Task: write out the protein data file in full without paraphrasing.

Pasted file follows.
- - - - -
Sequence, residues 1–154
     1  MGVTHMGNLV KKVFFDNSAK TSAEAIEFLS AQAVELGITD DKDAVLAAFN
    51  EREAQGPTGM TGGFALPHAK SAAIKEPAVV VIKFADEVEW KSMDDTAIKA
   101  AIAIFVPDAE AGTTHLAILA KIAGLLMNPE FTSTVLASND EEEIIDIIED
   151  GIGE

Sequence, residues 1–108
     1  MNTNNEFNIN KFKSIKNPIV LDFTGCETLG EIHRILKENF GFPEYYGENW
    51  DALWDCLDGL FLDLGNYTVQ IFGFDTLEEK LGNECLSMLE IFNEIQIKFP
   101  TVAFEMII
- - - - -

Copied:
Sequence, residues 1–154
     1  MGVTHMGNLV KKVFFDNSAK TSAEAIEFLS AQAVELGITD DKDAVLAAFN
    51  EREAQGPTGM TGGFALPHAK SAAIKEPAVV VIKFADEVEW KSMDDTAIKA
   101  AIAIFVPDAE AGTTHLAILA KIAGLLMNPE FTSTVLASND EEEIIDIIED
   151  GIGE

Sequence, residues 1–108
     1  MNTNNEFNIN KFKSIKNPIV LDFTGCETLG EIHRILKENF GFPEYYGENW
    51  DALWDCLDGL FLDLGNYTVQ IFGFDTLEEK LGNECLSMLE IFNEIQIKFP
   101  TVAFEMII